Don’t Wind Up on the Naughty List: Tips for Hosting Office Holiday Parties

Posted on December 17, 2018 by Rick Rossignol

Friends With Sparklers At The New Year Party

It’s the most wonderful time of the year…unless you’re dreading your workplace’s annual holiday party. Perhaps one of your otherwise excellent employees had an embarrassing incident at last year’s soiree, or your business’s reputation was comprised some other way.

RTR Consulting offers the following tips to help make your holiday or New Year’s party fun, memorable, and professional:

Decide about Drinking

Some workplaces choose to limit the amount of alcohol allowed at a holiday party while others ban it entirely. It’s up to you and your stakeholders which way to go, but the decision to provide alcohol is important when considering your employees’ safety and your company’s budget.

If you do decide to allow some alcoholic beverages at your party, consider limiting the alcohol selections to decrease costs and the risk of an employee making a poor decision due to intoxication. You can also elect to close the bar early or offer attendees one or two drink tickets to keep alcohol consumption low. Urge your employees to carpool with a coworker that isn’t drinking or to take an Uber or Lyft. If your company has the resources, providing Uber and Lyft rides can be a holiday gift to your workers.

Extend the Invite

Allowing your employees to bring a plus-one will encourage them to put their best foot forward. Many of your workers will bring dates or significant others whom they will want to impress by being their charming, well-behaved selves.

Refer to the Handy-Dandy Handbook

Remind your employees of the company’s behavioral policies. Even though the holiday party might be taking place off-campus, they still represent the face of the company. Your employee handbook should have a stipulation reminding employees that they are responsible for adhering to the company’s anti-harassment policies and general codes of conduct. Send a friendly (but firm) company-wide email before the big event so everyone’s aware of expectations.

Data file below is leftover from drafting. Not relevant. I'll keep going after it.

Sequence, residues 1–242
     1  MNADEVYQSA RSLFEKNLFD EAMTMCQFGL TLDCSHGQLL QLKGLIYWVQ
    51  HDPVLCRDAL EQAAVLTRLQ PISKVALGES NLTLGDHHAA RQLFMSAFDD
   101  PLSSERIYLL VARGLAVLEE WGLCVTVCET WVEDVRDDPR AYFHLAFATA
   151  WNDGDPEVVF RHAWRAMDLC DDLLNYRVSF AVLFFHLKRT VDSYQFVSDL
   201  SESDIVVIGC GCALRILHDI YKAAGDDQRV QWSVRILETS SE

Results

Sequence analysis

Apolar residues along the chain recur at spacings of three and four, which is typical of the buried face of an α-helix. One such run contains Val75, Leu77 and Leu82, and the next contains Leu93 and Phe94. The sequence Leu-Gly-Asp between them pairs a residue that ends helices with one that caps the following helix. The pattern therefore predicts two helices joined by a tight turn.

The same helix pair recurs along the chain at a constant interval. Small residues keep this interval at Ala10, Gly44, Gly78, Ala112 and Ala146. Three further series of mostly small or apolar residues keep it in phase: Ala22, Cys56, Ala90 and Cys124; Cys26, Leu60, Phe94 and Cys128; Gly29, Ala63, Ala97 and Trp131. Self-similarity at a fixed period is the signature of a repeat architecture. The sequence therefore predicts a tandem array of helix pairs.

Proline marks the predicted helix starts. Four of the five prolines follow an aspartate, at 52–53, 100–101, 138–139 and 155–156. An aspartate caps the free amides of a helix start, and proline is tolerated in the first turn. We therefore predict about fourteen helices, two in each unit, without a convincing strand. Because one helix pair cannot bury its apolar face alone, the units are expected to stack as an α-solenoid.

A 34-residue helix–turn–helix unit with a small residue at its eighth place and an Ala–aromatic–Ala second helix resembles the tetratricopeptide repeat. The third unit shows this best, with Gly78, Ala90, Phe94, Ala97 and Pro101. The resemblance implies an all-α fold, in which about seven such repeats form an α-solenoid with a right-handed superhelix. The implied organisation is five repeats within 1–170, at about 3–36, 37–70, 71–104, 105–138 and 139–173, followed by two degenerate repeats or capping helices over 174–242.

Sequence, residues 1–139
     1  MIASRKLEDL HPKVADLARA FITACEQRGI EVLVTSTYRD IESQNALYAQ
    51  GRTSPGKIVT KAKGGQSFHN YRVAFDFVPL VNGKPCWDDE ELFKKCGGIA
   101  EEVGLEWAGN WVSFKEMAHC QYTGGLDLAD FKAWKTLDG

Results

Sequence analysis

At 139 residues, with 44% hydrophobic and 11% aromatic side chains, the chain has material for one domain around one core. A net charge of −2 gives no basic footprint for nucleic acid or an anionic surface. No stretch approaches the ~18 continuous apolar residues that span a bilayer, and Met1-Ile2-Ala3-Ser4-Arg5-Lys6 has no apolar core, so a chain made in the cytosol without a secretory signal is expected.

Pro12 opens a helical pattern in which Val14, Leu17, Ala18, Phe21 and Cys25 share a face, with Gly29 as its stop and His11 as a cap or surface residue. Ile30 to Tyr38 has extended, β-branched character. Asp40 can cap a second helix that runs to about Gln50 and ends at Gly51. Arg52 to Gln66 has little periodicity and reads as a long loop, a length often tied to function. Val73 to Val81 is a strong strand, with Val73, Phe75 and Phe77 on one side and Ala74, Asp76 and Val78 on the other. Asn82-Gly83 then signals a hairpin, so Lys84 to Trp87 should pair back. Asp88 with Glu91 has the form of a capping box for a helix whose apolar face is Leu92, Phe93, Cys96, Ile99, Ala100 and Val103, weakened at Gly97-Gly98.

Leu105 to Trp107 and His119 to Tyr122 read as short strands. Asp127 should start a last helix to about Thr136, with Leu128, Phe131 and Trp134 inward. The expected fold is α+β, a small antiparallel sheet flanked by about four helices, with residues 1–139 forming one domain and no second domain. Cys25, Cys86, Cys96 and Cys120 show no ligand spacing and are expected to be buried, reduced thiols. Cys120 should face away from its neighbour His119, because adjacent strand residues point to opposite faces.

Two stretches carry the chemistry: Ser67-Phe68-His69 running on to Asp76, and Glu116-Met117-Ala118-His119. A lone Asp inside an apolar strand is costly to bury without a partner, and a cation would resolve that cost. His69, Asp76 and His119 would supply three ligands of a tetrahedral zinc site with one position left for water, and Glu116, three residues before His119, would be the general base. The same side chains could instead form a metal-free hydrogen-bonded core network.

Utilize Non-Denominational Decor

Even if the majority of your company celebrates Christmas, you don’t want to put yourself at risk of a discrimination suit. Don’t incorporate religion into your office celebration; if you make it appear as though you favor a certain religion through your party décor or venue, some of your employees might get the impression that you’re excluding certain groups of people.

Dress to Impress

Few things are more embarrassing than showing up to an event underdressed or overdressed. Make sure your company’s planning committee communicates clear guidelines regarding the holiday party dress code. Give your employees the chance to show off their best attire, as long as they know to keep it work-appropriate.

Take Swift Action as Necessary

Often times, the combination of drinking and partying in a non-work environment can compel people to behave in ways they wouldn’t normally. If you witness or hear a complaint about an employee acting inappropriately with a colleague, don’t brush it aside. You could potentially be slapped with a sexual harassment claim. Refer your employees to your company’s policies regarding sexual harassment at least one week before the party starts.

Don’t Talk Shop

It’s a party and an optional one at that. Remind your employees that this holiday party is not mandatory; don’t take it personally if you have a few no-shows.

But for those of you that do show up to the office party, leave your business affairs at the door. Everyone has worked hard all year and deserves a night of holiday cheer!

Do you need help enforcing workplace policies that protect both your business and employees? RTR Consulting has more than 20 years devoted to developing effective and efficient Human Resources policies, procedures, and best practices for small to medium-sized businesses. Contact us today to learn more.

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